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'We don't have the definitive figure': Housing Minister says number of mica-affected homes could be higher

Minister O’Brien says the cost of damage caused by mica could exceed €1.5 billion.

Paddy Diver, mica campaigner and co-founder of '100% Redress No Less’, as he displays examples of the mica material at yesterday's protest.
Paddy Diver, mica campaigner and co-founder of '100% Redress No Less’, as he displays examples of the mica material at yesterday's protest.
Image: Sasko Lazarov/RN

THERE COULD BE double the number of homes affected by mica according to Housing Minister Darragh O’Brien.

Defective building blocks containing mica have caused cracks and fissures to open up in an estimated 5,000 to 6,000 homes primarily in Mayo and Donegal. 

O’Brien said there are four other local authority areas currently carrying out testing to make “detailed submissions” to the Department of Housing but “we don’t have the definitive figure”. 

“I’m not being evasive, but that work and that research needs to be done,” he told RTÉ’s Prime Time last night, adding the cost of the redress scheme could be higher than €1.5 billion.

The Government told homeowners affected by mica that it is committed to finding a “workable resolution” to the issues, with O’Brien having proposed establishing a working group to identify and address outstanding mica issues and costs.

It comes as the Dáil adopted a Sinn Fein motion calling for a 100% redress scheme for people affected by mica. As expected, the Government did not oppose the motion.

Earlier Tuesday, thousands of people gathered in Dublin for a protest demanding a 100% redress scheme for housing defects caused by the mineral mica.

Families living in crumbling homes were joined by supporters as they travelled from Donegal and Mayo to take part in the major protest. Demonstrators gathered outside the Convention Centre in Dublin ahead of the planned march to Leinster House.

Campaigners have criticised the existing Government redress scheme for an upfront charge of €5,000 for access, failing to provide alternative accommodation and covering 90% of costs, compared to 100% covered by the pyrite scheme, which also involved faulty materials resulting in damage to homes.

However, speaking in the Dáil as protesters gathered outside, Taoiseach Micheal Martin declined to commit to this when asked by Sinn Féin leader Mary Lou McDonald.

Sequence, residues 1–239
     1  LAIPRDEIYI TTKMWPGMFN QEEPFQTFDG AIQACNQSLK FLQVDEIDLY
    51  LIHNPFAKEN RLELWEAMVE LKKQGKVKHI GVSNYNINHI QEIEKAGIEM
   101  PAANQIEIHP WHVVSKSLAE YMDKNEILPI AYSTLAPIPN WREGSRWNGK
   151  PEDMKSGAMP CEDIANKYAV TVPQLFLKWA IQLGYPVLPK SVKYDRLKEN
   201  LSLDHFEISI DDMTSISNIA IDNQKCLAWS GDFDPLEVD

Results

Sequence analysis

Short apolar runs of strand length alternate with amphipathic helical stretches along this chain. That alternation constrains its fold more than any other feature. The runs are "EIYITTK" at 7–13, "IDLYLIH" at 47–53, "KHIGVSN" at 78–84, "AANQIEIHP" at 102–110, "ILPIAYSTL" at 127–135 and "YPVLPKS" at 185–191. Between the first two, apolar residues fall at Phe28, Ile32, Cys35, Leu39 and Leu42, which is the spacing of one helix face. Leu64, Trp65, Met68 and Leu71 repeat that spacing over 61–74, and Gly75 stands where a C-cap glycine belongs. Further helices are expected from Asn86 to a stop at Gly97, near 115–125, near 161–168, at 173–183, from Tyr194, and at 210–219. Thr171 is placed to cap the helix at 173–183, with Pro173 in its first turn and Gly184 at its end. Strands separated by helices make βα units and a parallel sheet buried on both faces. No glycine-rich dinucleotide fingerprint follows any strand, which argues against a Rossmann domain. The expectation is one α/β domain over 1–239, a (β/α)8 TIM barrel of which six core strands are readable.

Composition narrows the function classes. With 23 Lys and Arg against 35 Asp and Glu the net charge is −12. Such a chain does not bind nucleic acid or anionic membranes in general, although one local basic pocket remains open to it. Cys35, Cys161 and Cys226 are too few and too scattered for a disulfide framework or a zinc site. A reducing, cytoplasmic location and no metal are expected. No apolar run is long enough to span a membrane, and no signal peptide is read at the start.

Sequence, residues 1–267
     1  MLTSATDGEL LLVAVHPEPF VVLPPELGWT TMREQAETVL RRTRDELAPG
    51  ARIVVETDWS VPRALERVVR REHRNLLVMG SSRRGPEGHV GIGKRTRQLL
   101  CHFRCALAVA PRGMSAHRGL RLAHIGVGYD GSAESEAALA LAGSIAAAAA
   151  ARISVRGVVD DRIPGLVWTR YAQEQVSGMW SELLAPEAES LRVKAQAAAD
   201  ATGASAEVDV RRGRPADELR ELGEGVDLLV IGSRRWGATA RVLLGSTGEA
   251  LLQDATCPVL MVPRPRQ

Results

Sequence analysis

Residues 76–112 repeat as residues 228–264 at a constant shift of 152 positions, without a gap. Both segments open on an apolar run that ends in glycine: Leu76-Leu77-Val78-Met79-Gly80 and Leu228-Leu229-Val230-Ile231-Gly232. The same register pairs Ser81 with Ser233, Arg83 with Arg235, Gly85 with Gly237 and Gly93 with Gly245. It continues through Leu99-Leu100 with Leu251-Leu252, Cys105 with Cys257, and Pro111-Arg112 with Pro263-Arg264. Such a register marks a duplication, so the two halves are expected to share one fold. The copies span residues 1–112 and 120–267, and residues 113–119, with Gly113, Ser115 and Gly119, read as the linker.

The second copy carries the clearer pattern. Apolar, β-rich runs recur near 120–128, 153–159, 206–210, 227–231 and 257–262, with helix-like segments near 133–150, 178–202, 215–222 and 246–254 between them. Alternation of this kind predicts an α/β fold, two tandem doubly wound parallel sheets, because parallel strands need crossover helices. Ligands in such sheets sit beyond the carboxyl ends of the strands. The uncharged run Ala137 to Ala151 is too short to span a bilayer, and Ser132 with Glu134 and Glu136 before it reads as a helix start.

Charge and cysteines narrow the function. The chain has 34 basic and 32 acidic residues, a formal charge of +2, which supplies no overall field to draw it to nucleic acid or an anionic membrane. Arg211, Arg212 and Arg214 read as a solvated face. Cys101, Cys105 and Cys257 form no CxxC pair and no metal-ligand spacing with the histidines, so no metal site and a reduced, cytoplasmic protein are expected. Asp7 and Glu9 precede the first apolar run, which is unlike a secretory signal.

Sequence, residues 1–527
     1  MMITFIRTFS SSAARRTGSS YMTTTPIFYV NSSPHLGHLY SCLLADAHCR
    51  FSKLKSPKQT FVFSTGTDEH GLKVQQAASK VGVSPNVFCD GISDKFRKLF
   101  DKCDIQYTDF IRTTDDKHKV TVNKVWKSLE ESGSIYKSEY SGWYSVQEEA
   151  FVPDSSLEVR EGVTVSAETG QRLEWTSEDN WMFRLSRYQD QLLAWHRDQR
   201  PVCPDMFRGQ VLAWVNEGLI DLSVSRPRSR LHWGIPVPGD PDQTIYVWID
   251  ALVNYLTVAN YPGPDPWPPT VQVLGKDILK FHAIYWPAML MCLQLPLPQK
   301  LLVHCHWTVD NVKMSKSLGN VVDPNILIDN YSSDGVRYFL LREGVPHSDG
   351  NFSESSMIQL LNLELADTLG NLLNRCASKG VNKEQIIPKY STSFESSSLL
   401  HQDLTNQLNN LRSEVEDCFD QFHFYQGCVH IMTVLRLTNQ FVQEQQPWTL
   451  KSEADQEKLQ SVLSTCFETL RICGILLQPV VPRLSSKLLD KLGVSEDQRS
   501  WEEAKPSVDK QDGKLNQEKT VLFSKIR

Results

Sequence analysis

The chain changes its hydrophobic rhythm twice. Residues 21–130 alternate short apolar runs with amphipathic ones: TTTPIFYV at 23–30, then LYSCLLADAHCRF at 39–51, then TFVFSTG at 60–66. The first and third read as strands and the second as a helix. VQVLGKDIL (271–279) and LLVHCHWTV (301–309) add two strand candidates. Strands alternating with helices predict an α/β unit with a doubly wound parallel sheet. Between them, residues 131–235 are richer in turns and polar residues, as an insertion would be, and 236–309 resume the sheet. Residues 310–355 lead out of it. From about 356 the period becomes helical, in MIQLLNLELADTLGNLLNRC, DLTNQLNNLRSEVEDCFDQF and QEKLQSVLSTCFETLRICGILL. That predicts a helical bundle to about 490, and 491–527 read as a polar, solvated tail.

He instead called for a six-week process to analyse the issues caused by the Mica scandal and “iron out” issues with the redress scheme.

He told the Dáil: “Our view is we should set in train a timebound process, lasting about six weeks, involving the Mica Action Group, representatives from the different counties, involving the local authorities, and also the department to work on the scheme.”

Following the protest, a group of residents held a meeting with O’Brien about the redress scheme. After the meeting, a spokeswoman for O’Brien said: 

“Minister O’Brien accepted a letter on behalf of the group outlining concerns with the current Defective Concrete Block Scheme.

“He assured them that Government are committed to providing a workable resolution to the issues which have arisen.

“The minister has proposed establishing a focused, time-bound working group, between department officials, Mica action group representatives from Mayo and Donegal and local authority representatives.

“The working group would identify and address outstanding issues with the operation of the scheme.

“The group would report back to the minister by July 31st with potential actions which he would then bring to Government.”

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The Government has acknowledged that mica issues may have affected other buildings, including community centres as well as schools and hospitals.

- Additional reporting from PA

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Adam Daly

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